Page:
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Patentability of laws of nature in the United States: the Mayo case

April - 2012
On March 20th, 2012, the Supreme Court of the United States issued a landmark decision regarding patentability of laws of nature.

Pursuant to Section 101 of the US patent law (35 USC 101), only the processes, machines, manufactures or compositions of matter are patentable inventions. This definition has been completed by the Case law which specified on several occasions which inventions were not included in the list of Section 101. For example, the Supreme Court indicated in the decision Gottschalk v. Benson (1972) that the laws of nature were not patentable because they are tools at the basis of scientific and technical work. In the decision Diamond v. Chakrabarty (1980), the Supreme Court reaffirmed this principle by specifying that Einstein could not patent his famous law E=mc2, nor Newton his gravitation law, because such findings are manifestations of  nature, free to all men, and reserved exclusively to none.

In the Mayo Collaborative Services v. Prometheus Laboratories, Inc. (Mayo v. Prometheus) case, claim 1 of the contested patent related to a method of optimizing therapeutic efficacy of an immune-mediated gastrointestinal disorder, comprising two steps:

(a) administering a medicament (in this case a thiopurine);

(b) determining the level of a definite metabolite (6-thioguanine) of the medicament,

wherein a level under a threshold value indicate the need for increasing the dose of said drug, and

wherein a level above a threshold value indicate the need for reducing the dose of said drug.

The Supreme Court had to determine whether this method was simply enunciating a law of nature, thereby unpatentable, or consisted in a patentable application of this law.

Accordingly, the Cour examined the various steps of the claimed method and first concluded that the « wherein » clause establishing a relationship between a threshold value of the metabolite level and the need for changing the dose of the medicament was merely enunciating a law of nature.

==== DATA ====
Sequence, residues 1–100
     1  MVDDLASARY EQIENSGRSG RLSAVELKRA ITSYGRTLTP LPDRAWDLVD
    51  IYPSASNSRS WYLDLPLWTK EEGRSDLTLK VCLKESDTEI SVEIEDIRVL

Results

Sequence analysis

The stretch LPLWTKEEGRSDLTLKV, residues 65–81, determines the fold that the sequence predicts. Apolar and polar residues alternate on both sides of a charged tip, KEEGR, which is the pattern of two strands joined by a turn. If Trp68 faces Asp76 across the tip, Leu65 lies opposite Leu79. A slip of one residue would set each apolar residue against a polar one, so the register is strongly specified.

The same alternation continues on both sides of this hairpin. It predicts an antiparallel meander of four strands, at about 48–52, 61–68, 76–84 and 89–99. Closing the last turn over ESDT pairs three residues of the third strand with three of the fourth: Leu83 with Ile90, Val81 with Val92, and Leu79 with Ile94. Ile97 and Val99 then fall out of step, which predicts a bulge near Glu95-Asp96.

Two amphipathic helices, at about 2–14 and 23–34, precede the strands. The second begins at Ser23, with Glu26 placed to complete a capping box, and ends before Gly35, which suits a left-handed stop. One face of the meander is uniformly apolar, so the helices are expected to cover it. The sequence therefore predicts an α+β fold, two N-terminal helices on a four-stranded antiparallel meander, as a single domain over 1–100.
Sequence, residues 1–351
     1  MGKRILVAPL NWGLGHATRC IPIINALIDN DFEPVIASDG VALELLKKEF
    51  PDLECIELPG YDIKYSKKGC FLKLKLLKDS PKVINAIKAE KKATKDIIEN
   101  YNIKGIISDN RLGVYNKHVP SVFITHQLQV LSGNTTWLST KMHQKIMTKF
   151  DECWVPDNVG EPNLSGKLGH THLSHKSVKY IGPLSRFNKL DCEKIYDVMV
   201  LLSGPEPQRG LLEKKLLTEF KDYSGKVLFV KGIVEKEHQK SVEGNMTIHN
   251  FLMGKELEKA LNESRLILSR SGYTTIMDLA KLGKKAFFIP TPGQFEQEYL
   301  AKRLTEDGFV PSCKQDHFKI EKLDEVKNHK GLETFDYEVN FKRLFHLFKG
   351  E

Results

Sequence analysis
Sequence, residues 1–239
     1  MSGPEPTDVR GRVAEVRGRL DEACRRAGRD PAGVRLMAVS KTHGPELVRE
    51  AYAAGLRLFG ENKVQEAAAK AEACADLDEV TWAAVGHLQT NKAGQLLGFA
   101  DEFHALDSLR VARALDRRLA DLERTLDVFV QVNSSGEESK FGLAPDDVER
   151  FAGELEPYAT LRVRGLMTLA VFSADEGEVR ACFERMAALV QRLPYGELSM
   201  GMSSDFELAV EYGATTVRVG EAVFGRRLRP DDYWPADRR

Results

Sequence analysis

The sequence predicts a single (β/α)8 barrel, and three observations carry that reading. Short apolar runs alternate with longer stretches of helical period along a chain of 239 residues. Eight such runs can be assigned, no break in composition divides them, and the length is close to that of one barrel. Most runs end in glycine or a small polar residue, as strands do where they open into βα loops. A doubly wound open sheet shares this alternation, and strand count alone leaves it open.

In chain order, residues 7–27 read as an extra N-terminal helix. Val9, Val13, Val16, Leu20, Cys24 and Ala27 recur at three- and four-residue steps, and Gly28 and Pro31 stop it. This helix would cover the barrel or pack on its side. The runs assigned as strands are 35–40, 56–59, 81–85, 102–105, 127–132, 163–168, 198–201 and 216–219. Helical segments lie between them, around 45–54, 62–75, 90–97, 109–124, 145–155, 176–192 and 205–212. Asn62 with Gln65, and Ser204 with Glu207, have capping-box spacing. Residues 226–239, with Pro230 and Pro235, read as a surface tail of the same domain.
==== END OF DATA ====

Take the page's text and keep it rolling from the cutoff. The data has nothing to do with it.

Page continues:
Regarding the administration step, it only defines the target public of the method: physicians treating their patient with a thiopurine. Finally, the step of determining the metabolite level merely invites the physicians to engage in « well understood, routine, conventional activity ».

To summarize, the claim only recommends to physicians to collect data from which they can take a decision under consideration of the existing correlation between the data. This is not sufficient for rendering an unpatentable law of nature into a patentable application of this law.

In this decision, the Supreme Court thus affirms that the combination of a natural process and of known elements does not form a patentable application of the natural process. In particular, the Cour insists on the importance to not let allow the appropriation of a law of nature by a right of intellectual property which would forbid its use by other parties, thus reaffirming the principles enunciated in the Gottschalk v. Benson and Diamond v. Chakrabarty decisions.

The unanimous decision of the Supreme Court (9 pro, 0 con) bears important consequences on the patentability of diagnostic methods in the United States. The validity of a number of granted patents could be put in question, while a number of pending applications could be rejected by the USPTO based on the Mayo decision.

In fact, one of the first consequences of this decision was quick to come: the Supreme Court requested the Appeal Court for the Federal Circuit to review its decision in the famous Myriad Genetics case, in view of the Mayo decision. This review of the Myriad Genetics case shows that the Mayo decision could also put in question the patentability of isolated genes. In the first decision issued in the Myriad case, the Appeal Court had considered that an isolated DNA sequence formed a different molecule than the same sequence when it is part of the human genome. The Court had thereby acknowledged the patentability of an isolated gene. However, all things considered, an isolated gene is nothing more than the combination of a natural product (DNA) and a known process (DNA isolation). We shall see in the future if the Appeal Court will choose, by analogy, to apply to a product claim the reasoning of the Mayo decision, which relates to a method claim.